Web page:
CHARLOTTESVILLE, NOV. 2 -- It seems almost impossible to believe that Saturday afternoon the Virginia Cavaliers will play in the nation's most important college football game of the week -- and possibly the year. An air of incredulity has enveloped the University of Virginia grounds. Everyone is ready for the 16th-ranked Georgia Tech Yellow Jackets, but is everyone ready for what it all means should the top-ranked Cavaliers win the biggest game in the history of the school?

The Cavaliers (7-0, 4-0 in the ACC) know they have much to prove, and Georgia Tech (6-0-1, 4-0-1) is the team they have to prove it against.

Navy also has a chance to grab some national spotlight, as it extends the nation's longest continuous intersectional rivalry by facing second-ranked Notre Dame at Giants Stadium in East Rutherford, N.J. The game will mark the 64th straight season the teams have met, with the Fighting Irish holding a 53-9-1 lead. In another local game, Howard hosts winless Morgan State. Maryland is idle.

The Virginia-Georgia Tech game does not pit No. 1 against No. 2, but it might as well, as far as the Cavaliers are concerned. Quite a few people don't believe they're for real, so beating a good team that is ranked a little low is all they can do to show they belong at No. 1.

"I've never used being No. 1 as an incentive," said Coach George Welsh. "Of course, I've never been in that position. I don't think we have anything to prove to anybody except ourselves."

This doesn't seem to be the prevailing attitude among all of Welsh's players, however.

"I always figured the Georgia Tech game would be the crucial one of this year," said wide receiver Herman Moore, who often will bump into highly regarded but recently injured (ankle) free safety Ken Swilling in one of the game's big matchups. "Even if we went 10-1, knowing that we had the opportunity to go 11-0, right now we feel like the season would be destroyed if we lost this game.

"We're in control of our own destiny, and this game means a lot," Moore continued. "If something would go wrong and we'd lose, we could go into next week feeling down and out like the season's over and end up losing another one. We want to go into the game scared, knowing that this team has the capability of taking something away from us."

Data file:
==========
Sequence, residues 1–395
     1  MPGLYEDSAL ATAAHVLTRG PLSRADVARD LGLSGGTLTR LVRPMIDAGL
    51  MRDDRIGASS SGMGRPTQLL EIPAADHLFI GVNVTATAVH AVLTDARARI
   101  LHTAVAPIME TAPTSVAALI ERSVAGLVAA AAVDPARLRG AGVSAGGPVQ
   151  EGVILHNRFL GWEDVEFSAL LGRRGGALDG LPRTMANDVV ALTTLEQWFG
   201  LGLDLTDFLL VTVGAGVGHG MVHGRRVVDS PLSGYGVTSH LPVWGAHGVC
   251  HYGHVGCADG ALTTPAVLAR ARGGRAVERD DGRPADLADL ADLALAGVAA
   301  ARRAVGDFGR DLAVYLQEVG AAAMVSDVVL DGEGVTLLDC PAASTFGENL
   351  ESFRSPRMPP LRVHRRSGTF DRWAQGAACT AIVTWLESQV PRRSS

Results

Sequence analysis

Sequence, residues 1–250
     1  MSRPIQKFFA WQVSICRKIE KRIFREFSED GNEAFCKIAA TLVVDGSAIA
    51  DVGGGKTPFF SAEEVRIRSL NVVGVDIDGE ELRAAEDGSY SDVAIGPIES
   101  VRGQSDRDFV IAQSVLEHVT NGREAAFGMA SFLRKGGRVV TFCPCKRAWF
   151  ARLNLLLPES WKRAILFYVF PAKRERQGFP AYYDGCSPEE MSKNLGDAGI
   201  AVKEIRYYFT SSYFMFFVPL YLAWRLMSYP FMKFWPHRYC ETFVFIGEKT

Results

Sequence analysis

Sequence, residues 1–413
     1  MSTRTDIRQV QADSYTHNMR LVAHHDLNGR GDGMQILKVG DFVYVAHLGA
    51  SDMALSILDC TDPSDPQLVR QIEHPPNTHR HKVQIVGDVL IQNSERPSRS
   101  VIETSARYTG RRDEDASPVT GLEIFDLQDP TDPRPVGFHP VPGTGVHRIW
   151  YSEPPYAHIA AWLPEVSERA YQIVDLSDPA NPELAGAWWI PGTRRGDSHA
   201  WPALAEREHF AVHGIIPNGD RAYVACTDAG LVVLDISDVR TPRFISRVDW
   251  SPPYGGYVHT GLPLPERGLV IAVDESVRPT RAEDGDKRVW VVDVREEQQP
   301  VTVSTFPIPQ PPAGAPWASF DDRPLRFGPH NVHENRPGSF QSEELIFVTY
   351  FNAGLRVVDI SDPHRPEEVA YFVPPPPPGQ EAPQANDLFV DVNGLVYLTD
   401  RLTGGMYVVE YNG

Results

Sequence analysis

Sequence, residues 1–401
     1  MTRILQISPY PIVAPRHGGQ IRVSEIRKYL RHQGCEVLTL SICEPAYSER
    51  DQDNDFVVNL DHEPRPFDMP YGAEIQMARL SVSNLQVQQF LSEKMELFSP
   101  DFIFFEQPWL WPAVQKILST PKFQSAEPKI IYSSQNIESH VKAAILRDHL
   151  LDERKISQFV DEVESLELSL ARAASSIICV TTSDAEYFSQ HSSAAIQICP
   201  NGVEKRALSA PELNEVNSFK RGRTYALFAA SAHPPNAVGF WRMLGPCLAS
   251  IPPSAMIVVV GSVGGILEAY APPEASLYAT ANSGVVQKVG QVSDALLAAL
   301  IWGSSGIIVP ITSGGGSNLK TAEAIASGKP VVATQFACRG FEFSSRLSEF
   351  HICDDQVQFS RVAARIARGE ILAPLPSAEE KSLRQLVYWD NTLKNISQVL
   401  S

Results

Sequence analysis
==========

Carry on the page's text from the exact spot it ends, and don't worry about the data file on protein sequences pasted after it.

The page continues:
Most believe that if anyone is to stop the Cavaliers before New Year's Day, it will be the Yellow Jackets, who have the ninth-best defense in the country to go against the nation's best offense. After breaking a 16-game ACC losing streak a year ago, Coach Bobby Ross's team has turned into a squad of brutal hitters.

"We've already been in games like this," said Ross, a former Maryland head coach. "There's a difference on our sideline now. If something goes wrong, the team gets mad. Before, we might have just fallen apart. Our attitude is 'can-do' instead of 'can-we-do?' "

Only a tie with North Carolina mars Tech's record. Virginia hasn't been challenged since beating Clemson in the second week of the season. Otherwise, the teams have similar offensive styles, both with quarterbacks named Shawn -- Tech's sophomore Jones and Virginia's acclaimed senior Moore.

"Offensively, we do a lot of the same things they do because we have similar quarterbacks," Welsh said. "Jones is a big-play guy."

The difference may be that Virginia is a big-play team.

But there is more to the Cavaliers than the Moores and their teammates. There seems to be a strong sense of purpose and resolve on the team that even though all this is hard to believe, it must be real and, therefore, must be played out.

"These are a bunch of guys who don't think they are the best football players in the country, but they realize the situation that got them to where they are," said former offensive lineman Roy Brown, who is finishing his graduate studies here now.

"They realize a lot of these things are subjective, but they also know they have to keep on winning. They are not giddy now, but they might be in a few weeks."

Over at Sloan's, a trendy restaurant blocks from soon-to-be-packed Scott Stadium, owner David Sloan, a Cavaliers running back when the team went 11-33 in the mid-'70s, was waxing nostalgic.

"This just doesn't happen in Charlottesville, not in Mr. Jefferson's town," he said. "We've waited a long time for this. I'm telling everyone to come back in three or four years to see if things change here because of this game. It's that big."

The Virginia game is also big for Notre Dame, which could use a Georgia Tech win to return to No. 1. But first, the Fighting Irish must dispose of Navy. The Midshipmen (3-4) will be hard-pressed to shut down Notre Dame's offense, which averages 428 yards per game behind Raghib Ismail (154 all-purpose yards per game). Navy has not beaten Notre Dame since 1963.

Howard is trying to snap a three-game losing streak, and has found the perfect opponent to do it. Morgan State has Division I-AA's longest losing streak (16 games) and has been outscored this season 304-44. The Bison will be without the services of running back J.J. Carpenter, who will miss the game with injuries to his knee, shoulder, back and hand.

Freshman Chris DuBose might replace Donald Carr as the Bison's starting quarterback, but Coach Steve Wilson said both will play.

Correspondent Pete Williams contributed to this report.